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  16. I’ve got to do a site update meaning I have to redo some coding including the front/archive layout. Looking at the layout of the home page now and comparing it to a grid layout like the pic below, would not having a description to glance at be bothersome? I’m talking about the front page and archive page layout, NOT the house post page which will remain the same.

    See, with this site update it’s all new code so it’s not as easy as just keeping the front page as it is now, I have to recode it like new, grid or like the current layout. I’d like to know now before I spend another 20 hours with it and then everyone hate not seeing the descriptions (again, it’s the front & archive pages NOT the house post page.)

    This doesn’t show it now but it will also display bed/bath/square footage.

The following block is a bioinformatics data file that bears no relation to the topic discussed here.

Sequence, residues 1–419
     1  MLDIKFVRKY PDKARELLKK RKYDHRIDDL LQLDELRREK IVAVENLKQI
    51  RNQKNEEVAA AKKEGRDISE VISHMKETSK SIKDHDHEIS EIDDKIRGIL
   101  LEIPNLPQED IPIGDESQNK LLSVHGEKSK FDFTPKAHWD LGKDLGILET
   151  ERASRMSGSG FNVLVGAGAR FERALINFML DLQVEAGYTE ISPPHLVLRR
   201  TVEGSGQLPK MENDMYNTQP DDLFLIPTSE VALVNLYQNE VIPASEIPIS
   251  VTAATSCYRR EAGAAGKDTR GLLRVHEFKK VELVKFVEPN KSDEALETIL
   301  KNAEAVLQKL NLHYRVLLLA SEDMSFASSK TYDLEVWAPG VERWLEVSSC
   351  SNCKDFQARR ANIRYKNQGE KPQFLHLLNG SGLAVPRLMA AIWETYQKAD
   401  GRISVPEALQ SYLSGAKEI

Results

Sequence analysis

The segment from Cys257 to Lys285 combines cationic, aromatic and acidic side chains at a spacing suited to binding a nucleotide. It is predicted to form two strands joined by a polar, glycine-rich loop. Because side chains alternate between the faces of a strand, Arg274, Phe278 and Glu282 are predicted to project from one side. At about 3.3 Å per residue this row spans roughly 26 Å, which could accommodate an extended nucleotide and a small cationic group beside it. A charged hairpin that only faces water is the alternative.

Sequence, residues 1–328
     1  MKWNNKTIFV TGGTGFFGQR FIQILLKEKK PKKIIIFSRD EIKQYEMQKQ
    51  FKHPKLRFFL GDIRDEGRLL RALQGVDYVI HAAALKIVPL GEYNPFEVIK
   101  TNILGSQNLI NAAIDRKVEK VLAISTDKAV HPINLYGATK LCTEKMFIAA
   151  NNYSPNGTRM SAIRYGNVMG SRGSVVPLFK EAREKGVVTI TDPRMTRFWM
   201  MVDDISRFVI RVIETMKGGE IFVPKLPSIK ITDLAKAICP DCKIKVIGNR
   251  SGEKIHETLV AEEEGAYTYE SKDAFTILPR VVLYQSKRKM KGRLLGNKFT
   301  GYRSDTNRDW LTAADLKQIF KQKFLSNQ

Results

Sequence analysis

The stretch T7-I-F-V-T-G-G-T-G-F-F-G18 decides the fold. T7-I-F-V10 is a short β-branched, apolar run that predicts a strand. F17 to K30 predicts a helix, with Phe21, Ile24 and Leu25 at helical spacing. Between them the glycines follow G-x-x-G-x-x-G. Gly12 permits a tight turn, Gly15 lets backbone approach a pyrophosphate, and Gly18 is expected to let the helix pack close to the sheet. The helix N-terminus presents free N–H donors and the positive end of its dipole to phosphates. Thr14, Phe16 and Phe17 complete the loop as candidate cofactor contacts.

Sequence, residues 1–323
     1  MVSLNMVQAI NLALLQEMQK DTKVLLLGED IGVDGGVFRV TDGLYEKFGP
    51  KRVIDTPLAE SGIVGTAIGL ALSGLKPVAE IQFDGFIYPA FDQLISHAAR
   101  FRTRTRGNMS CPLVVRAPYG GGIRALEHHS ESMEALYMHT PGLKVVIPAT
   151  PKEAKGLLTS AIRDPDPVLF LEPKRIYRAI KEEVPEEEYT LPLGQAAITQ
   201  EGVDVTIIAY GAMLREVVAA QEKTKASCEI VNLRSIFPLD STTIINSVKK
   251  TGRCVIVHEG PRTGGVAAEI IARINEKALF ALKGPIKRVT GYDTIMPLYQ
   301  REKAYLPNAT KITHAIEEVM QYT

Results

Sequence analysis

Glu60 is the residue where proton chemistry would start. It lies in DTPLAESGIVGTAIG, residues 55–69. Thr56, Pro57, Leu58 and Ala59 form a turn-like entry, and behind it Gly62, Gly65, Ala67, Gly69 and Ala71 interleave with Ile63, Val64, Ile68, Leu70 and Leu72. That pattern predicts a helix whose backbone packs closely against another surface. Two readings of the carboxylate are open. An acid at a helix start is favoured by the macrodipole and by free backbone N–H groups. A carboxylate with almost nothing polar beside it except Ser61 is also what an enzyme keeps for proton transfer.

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    • Provided the very handy drop-down search menu remains the same, the proposed changes appear to be acceptable. It’s good to be able to tell at a glance when the house/property was posted as well as the number of comments. That is my quick take on the proposed changes.




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      • Yes, the sidebar will remain the same. It’s just a different layout for the row of houses shown on the page/archived pages. So instead of right now being list format showing the description, the new one would be a grid as the pic with no description shown. Of course when you click on the house you want to look at, it’ll show the homes post page and that will be the same (so the post page shows the description.)